Taliban Vows to Protect Gas Pipeline as War Expands to West Afghanistan

Taliban Vows to Protect Gas Pipeline as War Expands to West Afghanistan
The Taliban has dismissed concerns its recent battlefield gains in western Afghanistan threaten security of a multibillion-dollar gas pipeline being laid through the area to link Central and South Asia.


The project, known as TAPI, is planned to move natural gas from the world's fourth-largest reserves in Turkmenistan through Afghanistan to the growing economies of Pakistan and India. The pipeline is to pass through several Afghan provinces, including western Farah on the Iranian border.


Earlier this week, Taliban insurgents assaulted the provincial capital, also named Farah, and almost came close to overrunning it. U.S. air power assisted Afghan security forces to force the rebels out of the city, though fighting is still raging in surrounding districts.


Taliban spokesman Zabihullah Mujahid told VOA Saturday his group has already pledged to cooperate to protect the TAPI pipeline, noting that it is a "national project" that will ultimately benefit the Afghan people.


"We have an idea of places in Farah through which the pipeline is to pass and we will always try to keep the fighting from those areas," Mujahid asserted.




But the planned TAPI pipeline, he added, cannot deter the Taliban from undertaking operations against "enemy forces" in the rest of the province.


Mujahid noted that the gas pipeline is still under construction in the neighboring Herat province and has yet to enter Farah.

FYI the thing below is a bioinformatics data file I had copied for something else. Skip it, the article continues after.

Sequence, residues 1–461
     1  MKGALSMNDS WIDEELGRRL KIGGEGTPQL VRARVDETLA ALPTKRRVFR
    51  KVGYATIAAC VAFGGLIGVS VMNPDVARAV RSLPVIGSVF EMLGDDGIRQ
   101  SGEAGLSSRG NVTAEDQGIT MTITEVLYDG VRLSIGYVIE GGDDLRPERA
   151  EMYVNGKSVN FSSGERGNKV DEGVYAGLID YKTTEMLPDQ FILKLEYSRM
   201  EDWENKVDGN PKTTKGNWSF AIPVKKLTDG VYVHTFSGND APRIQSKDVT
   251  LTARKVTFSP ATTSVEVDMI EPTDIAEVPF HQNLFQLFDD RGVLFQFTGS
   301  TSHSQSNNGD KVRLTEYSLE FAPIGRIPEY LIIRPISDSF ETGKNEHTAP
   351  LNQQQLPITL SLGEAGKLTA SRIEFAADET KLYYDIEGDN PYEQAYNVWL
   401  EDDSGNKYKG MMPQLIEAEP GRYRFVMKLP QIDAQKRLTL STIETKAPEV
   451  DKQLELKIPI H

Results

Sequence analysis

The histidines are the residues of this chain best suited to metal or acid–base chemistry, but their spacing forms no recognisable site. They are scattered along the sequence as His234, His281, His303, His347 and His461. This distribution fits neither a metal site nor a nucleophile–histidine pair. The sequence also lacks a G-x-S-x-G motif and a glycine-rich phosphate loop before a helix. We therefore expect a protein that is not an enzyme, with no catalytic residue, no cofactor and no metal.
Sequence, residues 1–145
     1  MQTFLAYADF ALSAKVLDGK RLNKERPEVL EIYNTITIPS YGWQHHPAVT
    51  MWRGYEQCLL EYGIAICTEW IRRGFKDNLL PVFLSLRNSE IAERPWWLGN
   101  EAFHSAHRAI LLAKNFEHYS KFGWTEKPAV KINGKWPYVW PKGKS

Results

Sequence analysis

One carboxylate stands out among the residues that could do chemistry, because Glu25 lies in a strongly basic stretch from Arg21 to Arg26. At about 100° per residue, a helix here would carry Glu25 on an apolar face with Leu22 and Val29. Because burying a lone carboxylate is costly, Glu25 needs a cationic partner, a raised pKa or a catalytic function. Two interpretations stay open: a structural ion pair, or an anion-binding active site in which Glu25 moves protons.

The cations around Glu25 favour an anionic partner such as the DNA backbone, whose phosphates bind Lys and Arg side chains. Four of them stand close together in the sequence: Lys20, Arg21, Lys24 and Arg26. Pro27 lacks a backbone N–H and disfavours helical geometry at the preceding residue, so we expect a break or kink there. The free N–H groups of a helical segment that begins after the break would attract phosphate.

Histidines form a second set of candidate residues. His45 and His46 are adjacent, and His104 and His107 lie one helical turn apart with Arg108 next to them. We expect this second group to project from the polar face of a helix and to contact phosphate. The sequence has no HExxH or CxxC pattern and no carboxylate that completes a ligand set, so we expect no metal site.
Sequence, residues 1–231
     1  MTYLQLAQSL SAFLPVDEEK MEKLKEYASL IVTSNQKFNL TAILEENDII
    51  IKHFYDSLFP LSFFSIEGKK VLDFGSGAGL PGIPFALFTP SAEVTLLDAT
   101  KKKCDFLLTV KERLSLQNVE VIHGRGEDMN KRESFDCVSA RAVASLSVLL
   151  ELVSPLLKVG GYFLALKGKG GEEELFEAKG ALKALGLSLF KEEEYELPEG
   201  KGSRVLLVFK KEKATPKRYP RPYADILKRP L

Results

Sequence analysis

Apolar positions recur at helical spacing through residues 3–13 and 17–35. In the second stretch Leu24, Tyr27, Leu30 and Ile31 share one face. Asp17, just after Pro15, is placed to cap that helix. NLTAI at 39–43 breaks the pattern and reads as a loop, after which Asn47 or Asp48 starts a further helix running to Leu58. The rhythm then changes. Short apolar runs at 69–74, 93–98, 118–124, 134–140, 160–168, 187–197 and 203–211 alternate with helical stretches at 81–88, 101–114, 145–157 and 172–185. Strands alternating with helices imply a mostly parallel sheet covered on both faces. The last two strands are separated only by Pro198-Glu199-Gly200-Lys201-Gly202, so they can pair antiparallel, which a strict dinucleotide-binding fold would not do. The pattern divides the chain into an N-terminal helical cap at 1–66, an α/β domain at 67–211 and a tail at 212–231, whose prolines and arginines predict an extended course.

"As and when the pipeline arrives in Farah, we will ensure from our side, peace and stability in areas around it," the insurgent spokesman vowed.


Officials visit Farah


On Saturday, top Afghan security officials, accompanied by U.S. commander of NATO's Resolute Support mission in Afghanistan General John Nicholson, traveled to Farah to look into the circumstances that enabled insurgents to enter the city.




Angry elected provincial representatives and politicians at the meeting severely criticized authorities for not putting in place effective security measures to prevent the Taliban from assaulting Farah.


They cited leadership and other problems among both provincial civilian and security institutions for initial insurgent advances and insisted that without U.S. support, Afghan forces could not have pushed the Taliban out of Farah.


Nicholson, while addressing the meeting, reiterated international support for the country and called for replacing Afghan security officials who did not perform well in defending the city.


"Farah did not fall and Farah will never fall. … We in the international community want to see a peaceful end to this conflict. But until that time we will stay with you and, if necessary, fight alongside you, until we achieve that peace," Nicholson vowed.


Afghan officials and others meeting in Farah on Saturday again accused neighboring Iran of supporting the Taliban militarily. Nicholson backed those assertions.


"I wish that today my message was only to wish you a happy and blessed Ramadan with your families. But, unfortunately, the enemies, the Taliban, supported by some neighbors, have elected to attack you here in Farah in the [Muslim] holy month of Ramadan," he said.




​TAPI's Afghan segment


In February, leaders of the countries participating in the TAPI project traveled to Herat, which also borders Iran, and jointly inaugurated construction work on the Afghan section of the nearly 1,800-kilometer pipeline.


The landmark event rekindles hope for regional peace and cooperation. The Taliban, at the time, also pledged to ensure security for the project.


Officials say the project, estimated to cost up to $10 billion, will carry 33 billion cubic meters of natural gas annually for 30 years and is extendable.


TAPI was originally conceived in the 1990s, but differences over terms and conditions, unending Afghan hostilities, and rivalry between Pakistan and India hampered implementation of the project.